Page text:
Fredrik Backman

Teachers and parents! Struggling with distance learning? Our Teacher Edition on Beartown can help.

One evening in late March, a teenager walks into the forest, puts a shotgun to another teenager’s forehead, and pulls the trigger.

In early March, in the small town of Beartown, Sweden, everyone anticipates tomorrow’s semifinal hockey game in the national youth tournament. Beartown’s fortunes have been declining for years, with the town losing jobs, people, and even its position in the hockey standings. Now, thanks to a 17-year-old star, the wealthy Kevin Erdahl, their junior team finally has a chance at a title. A victory tomorrow could lead to a major economic reversal for the town.

The president of Beartown’s hockey club is planning to fire the longtime A-team coach, Sune, and he’s going to make General Manager Peter Andersson break the news, even though Peter idolizes Sune. Peter grew up in Beartown, became an NHL star in Canada, and returned to his hometown along with his wife, Kira, and his daughter, Maya, after their son, Isak, died of a childhood illness.

Sune discovered and mentored both Peter and David, who’s the coach of the junior team. Sune is being replaced by David because the club hierarchy and sponsors prefer David’s winning-obsessed coaching methods, whereas Sune prefers letting players develop gradually and encouraging them to play with heart. In particular, Sune refuses to promote Kevin to the A-team, believing he doesn’t yet have the requisite maturity. He believes that hockey is about more than producing “boys who never lose.”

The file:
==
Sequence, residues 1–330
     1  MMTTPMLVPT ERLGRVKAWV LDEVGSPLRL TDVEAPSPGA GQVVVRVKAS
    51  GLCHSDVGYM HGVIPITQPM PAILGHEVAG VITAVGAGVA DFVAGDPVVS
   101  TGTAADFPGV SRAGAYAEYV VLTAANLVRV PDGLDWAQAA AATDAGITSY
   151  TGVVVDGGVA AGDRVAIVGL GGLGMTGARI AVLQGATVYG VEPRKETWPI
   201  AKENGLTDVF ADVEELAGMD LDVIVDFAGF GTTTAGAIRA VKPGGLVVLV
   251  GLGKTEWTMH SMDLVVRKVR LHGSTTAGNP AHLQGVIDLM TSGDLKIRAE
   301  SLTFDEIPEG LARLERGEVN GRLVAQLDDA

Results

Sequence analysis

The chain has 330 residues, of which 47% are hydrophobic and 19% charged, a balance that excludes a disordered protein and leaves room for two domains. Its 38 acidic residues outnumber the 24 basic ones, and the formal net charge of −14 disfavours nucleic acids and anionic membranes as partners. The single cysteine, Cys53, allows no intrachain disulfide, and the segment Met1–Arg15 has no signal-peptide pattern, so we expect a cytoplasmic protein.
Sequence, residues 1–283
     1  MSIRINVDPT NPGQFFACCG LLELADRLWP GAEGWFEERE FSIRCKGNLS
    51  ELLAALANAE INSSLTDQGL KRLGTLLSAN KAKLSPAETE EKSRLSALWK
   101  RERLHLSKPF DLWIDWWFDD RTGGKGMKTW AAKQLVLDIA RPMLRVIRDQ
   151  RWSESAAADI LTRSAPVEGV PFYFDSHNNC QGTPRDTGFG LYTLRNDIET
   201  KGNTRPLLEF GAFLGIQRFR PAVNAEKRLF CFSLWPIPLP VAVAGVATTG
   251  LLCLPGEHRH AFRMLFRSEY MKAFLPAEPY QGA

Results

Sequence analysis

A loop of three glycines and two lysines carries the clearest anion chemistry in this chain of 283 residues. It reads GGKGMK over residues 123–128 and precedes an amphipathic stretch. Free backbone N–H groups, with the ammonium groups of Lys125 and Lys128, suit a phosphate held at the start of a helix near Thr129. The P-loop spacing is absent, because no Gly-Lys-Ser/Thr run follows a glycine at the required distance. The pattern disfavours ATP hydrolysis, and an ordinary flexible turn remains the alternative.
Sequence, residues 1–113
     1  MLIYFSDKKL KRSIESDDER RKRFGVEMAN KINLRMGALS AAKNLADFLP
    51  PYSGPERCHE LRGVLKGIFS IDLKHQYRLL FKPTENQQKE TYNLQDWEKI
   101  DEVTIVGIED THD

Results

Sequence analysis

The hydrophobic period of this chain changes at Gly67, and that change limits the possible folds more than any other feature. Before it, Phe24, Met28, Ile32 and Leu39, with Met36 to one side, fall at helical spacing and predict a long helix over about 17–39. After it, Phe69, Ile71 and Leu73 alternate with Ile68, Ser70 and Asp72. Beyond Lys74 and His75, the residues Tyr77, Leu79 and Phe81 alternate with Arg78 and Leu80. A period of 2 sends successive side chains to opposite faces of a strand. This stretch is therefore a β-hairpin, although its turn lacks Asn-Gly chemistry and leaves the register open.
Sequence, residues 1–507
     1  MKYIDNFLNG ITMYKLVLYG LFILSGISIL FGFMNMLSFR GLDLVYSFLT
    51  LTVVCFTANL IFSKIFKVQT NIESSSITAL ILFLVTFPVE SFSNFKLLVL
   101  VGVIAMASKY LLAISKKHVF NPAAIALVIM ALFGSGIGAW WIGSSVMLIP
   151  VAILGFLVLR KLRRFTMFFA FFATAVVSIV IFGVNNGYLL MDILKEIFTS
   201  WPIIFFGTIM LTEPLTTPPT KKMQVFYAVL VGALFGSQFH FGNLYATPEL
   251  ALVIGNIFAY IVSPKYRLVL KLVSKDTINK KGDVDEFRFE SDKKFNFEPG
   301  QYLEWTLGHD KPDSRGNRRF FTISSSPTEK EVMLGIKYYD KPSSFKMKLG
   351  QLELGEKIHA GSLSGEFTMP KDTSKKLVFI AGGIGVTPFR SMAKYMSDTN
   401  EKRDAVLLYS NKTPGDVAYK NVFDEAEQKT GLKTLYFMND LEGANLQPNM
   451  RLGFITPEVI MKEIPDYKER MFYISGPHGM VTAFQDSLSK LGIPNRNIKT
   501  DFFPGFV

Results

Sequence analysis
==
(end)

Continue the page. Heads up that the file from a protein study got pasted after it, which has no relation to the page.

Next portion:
On the eve of the semifinal, even Sune admits that the Bears are lacking something—namely speed. He notices 15-year-old Amat, a player on the boys’ team, practicing sprints on the ice, and he urges David to consider the boy for tomorrow’s game. Amat grew up in the poor section of town with a single mother, Fatima; despite being much smaller than his teammates, he has immense natural talent. That afternoon, David invites Amat to the juniors’ practice. The juniors bully Amat, and David subjects him to a cruel one-on-one training exercise against a massive player, Bobo. However, Amat refuses to give up and is allowed to play in the semifinal.

Maya Andersson has a crush on Kevin, and Amat has a crush on Maya. While Maya and her best friend, Ana, are goofing around at the rink before the game, Amat approaches them and shyly attempts to ask Maya out, but Kevin smoothly preempts him, inviting Maya to the party at his house that evening. The Bears go on to win the semifinal in spectacular fashion, sending the town into raucous celebration.

The party at Kevin’s house is filled with drunken teenagers. Maya soon gets drunk with Kevin, and Kevin quietly makes a bet with his friend Lyt that he’ll be able to sleep with the General Manager’s daughter. Maya accompanies Kevin to his bedroom and kisses him, but he rapes her a short time later. Amat, meanwhile, has wandered upstairs in search of Maya; hearing sounds of a struggle from Kevin’s room, he opens the door and sees everything, interrupting the assault. Maya flees the party and later destroys all evidence of the rape.